Unstated SOPs of Jantar Mantar protests
The protests at Jantar Mantar have always helped democracy and more also reporters in retaining their jobs.
Let’s start with the disclaimer that today’s column on no count intends to debase the recent protest by the Olympians at Jantar Mantar. It’s just a few extracts from a reporter’s diary who has covered such protests for long years.
The protests at Jantar Mantar have always helped democracy and also reporters in retaining their jobs. While leading a team of cub reporters at a national daily during the late 1990s and early 2000s, one would often advise them that in case there was nothing happening on their beat, they could visit the Jantar Mantar to get a story.
This advice did help the reporters to file their daily quota of copy but sometimes they also came up with stories that made it to the front pages. During those days, during the Parliament session, the protestors were allowed to march from Jantar Mantar to Parliament but were stopped outside Parliament Street police station, which also housed the office of the Deputy Commissioner of Police (DCP), New Delhi.
There was an unstated standard operating procedure (SOP) to be followed. The marchers would be stopped before Patel Chowk with barricades and cops in riot gear. The protestors would object and demand the right to move ahead. They would be pushed back, thereafter they would try to break through the barricade, and police would bring into use the water cannons. By now the waiting photojournalists would have had several frames of ‘riot scenes’ captured.
Next, the DCP would call the leader of the protest and offer to take him with a few others to Parliament to deliver their memorandum. If they agreed, the protesters would sit down calmly on the street. They would disperse after the delegation came back and ‘expressed satisfaction’, mostly at the goading of the accompanying cops.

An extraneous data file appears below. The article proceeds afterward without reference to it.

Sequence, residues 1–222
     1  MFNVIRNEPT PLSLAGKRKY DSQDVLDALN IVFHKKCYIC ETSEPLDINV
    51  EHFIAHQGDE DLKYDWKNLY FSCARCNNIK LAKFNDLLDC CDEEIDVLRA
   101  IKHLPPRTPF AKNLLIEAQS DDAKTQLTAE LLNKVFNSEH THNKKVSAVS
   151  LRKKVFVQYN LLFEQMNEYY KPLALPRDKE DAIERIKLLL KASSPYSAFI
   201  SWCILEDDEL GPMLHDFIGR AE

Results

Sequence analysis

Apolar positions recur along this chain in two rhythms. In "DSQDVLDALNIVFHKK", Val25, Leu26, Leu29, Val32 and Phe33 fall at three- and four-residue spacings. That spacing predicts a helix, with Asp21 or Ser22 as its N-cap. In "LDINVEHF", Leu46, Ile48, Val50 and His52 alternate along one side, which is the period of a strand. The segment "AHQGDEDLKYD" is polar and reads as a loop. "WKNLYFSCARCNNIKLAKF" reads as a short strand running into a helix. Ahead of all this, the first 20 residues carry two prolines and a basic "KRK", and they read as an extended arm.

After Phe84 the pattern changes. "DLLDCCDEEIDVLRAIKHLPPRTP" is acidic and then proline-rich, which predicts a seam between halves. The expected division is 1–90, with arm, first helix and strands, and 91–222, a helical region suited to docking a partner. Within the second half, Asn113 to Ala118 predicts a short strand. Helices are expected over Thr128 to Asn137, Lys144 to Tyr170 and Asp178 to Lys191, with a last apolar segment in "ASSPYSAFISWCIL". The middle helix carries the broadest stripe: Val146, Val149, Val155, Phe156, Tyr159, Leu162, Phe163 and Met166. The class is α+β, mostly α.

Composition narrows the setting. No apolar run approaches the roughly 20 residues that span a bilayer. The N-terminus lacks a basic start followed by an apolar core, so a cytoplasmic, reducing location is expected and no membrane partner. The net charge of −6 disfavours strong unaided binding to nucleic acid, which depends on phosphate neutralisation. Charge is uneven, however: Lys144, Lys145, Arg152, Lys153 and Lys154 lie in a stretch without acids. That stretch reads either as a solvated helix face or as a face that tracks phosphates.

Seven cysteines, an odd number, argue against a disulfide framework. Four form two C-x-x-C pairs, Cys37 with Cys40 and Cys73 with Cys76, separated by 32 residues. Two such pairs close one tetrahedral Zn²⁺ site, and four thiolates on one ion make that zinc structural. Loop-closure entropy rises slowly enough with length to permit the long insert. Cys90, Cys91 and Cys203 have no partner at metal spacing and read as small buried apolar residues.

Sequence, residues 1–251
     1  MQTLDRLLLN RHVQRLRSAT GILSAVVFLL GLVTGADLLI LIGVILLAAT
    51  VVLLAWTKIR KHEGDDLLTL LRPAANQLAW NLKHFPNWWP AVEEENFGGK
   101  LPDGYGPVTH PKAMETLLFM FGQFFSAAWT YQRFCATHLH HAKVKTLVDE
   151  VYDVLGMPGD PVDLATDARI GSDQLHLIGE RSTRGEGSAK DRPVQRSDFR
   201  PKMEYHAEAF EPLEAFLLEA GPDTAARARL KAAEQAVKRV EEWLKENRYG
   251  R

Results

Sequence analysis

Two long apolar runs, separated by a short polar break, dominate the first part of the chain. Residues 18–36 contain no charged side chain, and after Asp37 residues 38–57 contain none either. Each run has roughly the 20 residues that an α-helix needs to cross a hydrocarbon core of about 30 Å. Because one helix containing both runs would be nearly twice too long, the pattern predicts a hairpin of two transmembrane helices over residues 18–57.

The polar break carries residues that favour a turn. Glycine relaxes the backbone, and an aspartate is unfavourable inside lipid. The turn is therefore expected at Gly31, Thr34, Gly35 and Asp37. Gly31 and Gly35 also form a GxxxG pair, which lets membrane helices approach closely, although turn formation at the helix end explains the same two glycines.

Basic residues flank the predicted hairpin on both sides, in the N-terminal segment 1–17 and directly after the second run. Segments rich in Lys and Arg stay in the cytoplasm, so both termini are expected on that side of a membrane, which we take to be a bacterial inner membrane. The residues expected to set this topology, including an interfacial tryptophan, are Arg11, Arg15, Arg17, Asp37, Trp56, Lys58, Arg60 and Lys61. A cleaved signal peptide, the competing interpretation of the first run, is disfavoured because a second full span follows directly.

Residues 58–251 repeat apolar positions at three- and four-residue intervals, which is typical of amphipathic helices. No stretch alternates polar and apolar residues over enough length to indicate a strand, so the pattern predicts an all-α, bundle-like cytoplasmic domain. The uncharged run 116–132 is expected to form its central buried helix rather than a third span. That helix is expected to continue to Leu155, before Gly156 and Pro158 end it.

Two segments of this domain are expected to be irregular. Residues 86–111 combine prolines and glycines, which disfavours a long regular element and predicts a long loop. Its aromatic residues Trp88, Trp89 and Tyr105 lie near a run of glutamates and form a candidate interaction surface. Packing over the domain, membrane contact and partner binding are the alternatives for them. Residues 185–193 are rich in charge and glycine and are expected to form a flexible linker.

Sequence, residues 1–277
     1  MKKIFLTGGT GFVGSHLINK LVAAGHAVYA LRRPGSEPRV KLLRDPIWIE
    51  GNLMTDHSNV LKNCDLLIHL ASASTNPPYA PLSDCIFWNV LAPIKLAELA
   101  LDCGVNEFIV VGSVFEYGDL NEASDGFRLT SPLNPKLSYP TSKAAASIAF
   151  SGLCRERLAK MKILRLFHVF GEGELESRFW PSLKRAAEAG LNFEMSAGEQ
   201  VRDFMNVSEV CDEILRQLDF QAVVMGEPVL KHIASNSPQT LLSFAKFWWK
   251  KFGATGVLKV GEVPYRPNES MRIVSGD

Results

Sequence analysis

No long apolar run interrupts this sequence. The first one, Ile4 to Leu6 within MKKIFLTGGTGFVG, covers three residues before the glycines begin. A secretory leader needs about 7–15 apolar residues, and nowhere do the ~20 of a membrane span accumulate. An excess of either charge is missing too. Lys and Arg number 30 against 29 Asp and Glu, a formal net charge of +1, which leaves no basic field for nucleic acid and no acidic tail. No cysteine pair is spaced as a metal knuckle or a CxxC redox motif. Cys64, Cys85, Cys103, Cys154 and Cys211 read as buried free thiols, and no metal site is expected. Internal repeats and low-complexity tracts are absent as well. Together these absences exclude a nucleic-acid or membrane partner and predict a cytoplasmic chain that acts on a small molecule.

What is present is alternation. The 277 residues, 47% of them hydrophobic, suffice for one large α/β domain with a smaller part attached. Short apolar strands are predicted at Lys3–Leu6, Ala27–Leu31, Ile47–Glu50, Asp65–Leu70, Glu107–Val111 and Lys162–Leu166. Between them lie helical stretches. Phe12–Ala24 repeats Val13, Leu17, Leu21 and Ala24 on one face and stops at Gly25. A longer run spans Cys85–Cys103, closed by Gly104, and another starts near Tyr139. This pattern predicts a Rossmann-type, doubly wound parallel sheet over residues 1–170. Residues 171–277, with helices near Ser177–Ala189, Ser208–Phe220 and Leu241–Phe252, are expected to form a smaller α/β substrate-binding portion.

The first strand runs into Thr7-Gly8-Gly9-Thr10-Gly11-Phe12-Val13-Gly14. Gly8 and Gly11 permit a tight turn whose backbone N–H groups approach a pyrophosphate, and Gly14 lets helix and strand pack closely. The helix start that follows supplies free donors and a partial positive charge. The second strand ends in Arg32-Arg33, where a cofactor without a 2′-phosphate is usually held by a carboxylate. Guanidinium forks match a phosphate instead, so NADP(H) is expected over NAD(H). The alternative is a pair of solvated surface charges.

The other option was that the leaders would not take the offer and the sloganeering would continue, the most popular being, “Har Zor, Zulm Ke Takkar Mein, Sangharsh Hamara Nara Hain (In the face of pressure and oppression, their slogan was to struggle).”
The DCP would come out make some pleas and finally order arrest. As soon as the DCP ordered arrest, the protestors would queue up to get their names enumerated in the police station’s arrest register and leave. Once a DCP had confessed that the most disciplined protestors were brick kiln workers, about whom they had feared carrying bricks to the protest site.
But there would be times when the SOP would go awry. The protesters on reaching Patel Chowk would try and push ahead. If they were successful, it would send the whole city’s traffic into jeopardy, and that’s the impact they would want.
This would then lead to real time riot control with the cops, much against their desire, putting their batons to effective use but also trying not to hurt anyone grievously. Sometime in the early 2000s, one such similar protest was led by a sitting Member of Parliament who also was a former Union minister.
On sighting him, the DCP rushed out, braving the water cannon burst and personally escorted the leader to safety. One thought the matter ended there. However, the leader arrived in Parliament the next day with his arm in a sling. Raising the matter of being caned during the Zero Hour, he forced the hand of the government to ‘suspend’ the DCP pending enquiry.
The enquiry gave chit to the DCP and his suspension was revoked. But in another instance, an ACP was not that lucky, he was mowed under the wheels of the water cannon vehicle. But then these are some of the prices one pays to keep democracy alive and vibrant.
Author and president, Centre for Reforms, Development & Justice